Michael Allen is a Certified Investment Manager (CIM). Over the course of 14 years, he has managed money for high net worth individuals. Michael is a Senior Investment Specialist at Wealthsimple. Prior to this, he was an investment advisor with BMO Nesbitt Burns Securities. His financial advice has been published in the Globe and Mail, Toronto Star and many other publications. Michael has a fiduciary duty to his clients and holds a Bachelor of Commerce from Dalhousie University.
When you invest in the S&P 500 you’re investing in a stock market index (or grouping of selected stocks) of 500 large US companies. In order to make the list, the financial services company Standard & Poor (the S&P in the S&P 500 — yes, we think it’s an ironic name, too) applies certain financial-health criteria to companies, such as market capitalization, monthly trading volume, and more…
Look, the point is, the only companies on this list are big and important. Many of them are major household names. The collective performance of all 500 companies is represented by a number — the index’s price return — that you probably encounter on a daily basis. It’s prominently displayed on the homepages of major news sites, and financial news channels update it continuously throughout the day. It gets a lot of attention because it provides a helpful snapshot of the overall health of the market. How those 500 companies go, so goes the economy, the thinking…goes.
The S&P 500 also provides financial management companies with the ability to offer index funds that allow investors to invest in all 500 companies at one time. An index fund is any fund that invests in a broad swath of companies at one time with the aim of tracking the market. The Dow Jones Industrial Average is arguably the most well-known index fund. It tracks 30 “blue-chip” stocks as selected by editors of The Wall Street Journal. (We know — that’s kind of weird! It’s a newspaper!) The S&P 500 involves more complicated criteria, and obviously a lot more companies, but they are both stock indexes — groupings of companies an investor can invest in all at one time.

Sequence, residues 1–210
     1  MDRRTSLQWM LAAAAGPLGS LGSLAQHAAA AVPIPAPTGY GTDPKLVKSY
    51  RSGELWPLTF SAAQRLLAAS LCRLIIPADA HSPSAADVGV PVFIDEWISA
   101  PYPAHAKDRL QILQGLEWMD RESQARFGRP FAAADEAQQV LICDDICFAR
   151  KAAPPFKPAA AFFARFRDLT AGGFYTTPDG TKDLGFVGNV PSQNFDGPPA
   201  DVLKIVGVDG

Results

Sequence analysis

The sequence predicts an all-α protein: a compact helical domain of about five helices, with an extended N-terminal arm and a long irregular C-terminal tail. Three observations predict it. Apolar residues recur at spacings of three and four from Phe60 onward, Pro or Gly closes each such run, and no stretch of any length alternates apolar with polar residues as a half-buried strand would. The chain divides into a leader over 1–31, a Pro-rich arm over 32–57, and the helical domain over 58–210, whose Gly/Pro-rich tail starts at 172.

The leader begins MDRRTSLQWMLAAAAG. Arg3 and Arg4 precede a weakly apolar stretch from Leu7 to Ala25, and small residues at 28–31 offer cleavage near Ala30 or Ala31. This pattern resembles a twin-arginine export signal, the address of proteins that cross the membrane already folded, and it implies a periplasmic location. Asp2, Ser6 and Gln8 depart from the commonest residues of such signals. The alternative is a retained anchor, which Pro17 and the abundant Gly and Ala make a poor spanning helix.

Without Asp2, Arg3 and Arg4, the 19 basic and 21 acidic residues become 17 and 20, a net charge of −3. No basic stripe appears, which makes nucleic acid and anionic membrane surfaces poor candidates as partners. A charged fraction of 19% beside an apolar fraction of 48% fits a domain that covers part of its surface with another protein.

Where to invest in the S&P 500
You can invest in the S&P 500 in many different ways—with a bank, a brokerage, a discount brokerage, a financial advisor, or a robo advisor.
A bank may seem like the most convenient way to invest in the S&P 500 because it allows you to keep all of your accounts— checking, savings, and index investment account—all in one place. The downside is that fees can be high at banks, and you can’t always get one-on-one, in-person service for investing like you can when you need to speak with someone about, say, your checking account or a loan. That’s because investments are a side business for banks. (Their main purpose is to accept and loan money.)
A discount brokerage or a trading platform invariably have low fees, but you are totally on your own — there’s no advice to help you navigate your investing approach. It’s completely DIY. This can work out just fine for investors who have a handle on their financial landscape and know how investing in an S&P 500 index fund fits into their investment puzzle, but most experts agree that getting some level of advice is prudent before investing.
A financial advisor can help you with this kind of investment, of course, although this kind of service is normally expensive and as such is typically the choice of those investors with a high net worth and the means to pay for “luxury” service. Keep in mind though that it’s expensive because it’s the opposite of what you get with a discount broker. A financial advisor knows your full financial picture, has created a full financial plan for you and has a well-informed view on how investing in an index like the S&P 500 will help you — specifically you — achieve certain financial goals.
Robo Advisors are becoming increasingly popular because many combine the benefits of low fees with the ability to talk through your investment approach with an actual human being. They are less hands-on than a financial advisor because they use algorithms that help them figure out what kind of investments are right for you. Some robo advisors offer the ability to speak with a financial planner, particularly if you're investing large sums of money.
Benefits of investing in an S&P 500 index fund
The benefits of grouping multiple companies into one index is that it makes investing in all of those companies at the same time so easy. If you want to invest in the S&P 500, you could, of course, buy stock in every single company that makes up the S&P 500. That means 500 individual transactions. Five. Hundred. Individual. Transactions. That would mean a lot of clicking or phone calls — and it could mean conversations with your very confused stockbroker or financial advisor, who would then educate you about the existence of a much easier way to invest in the S&P 500: by simply investing in an S&P 500 index fund. In one transaction, you get to invest in all 500 companies at the same time.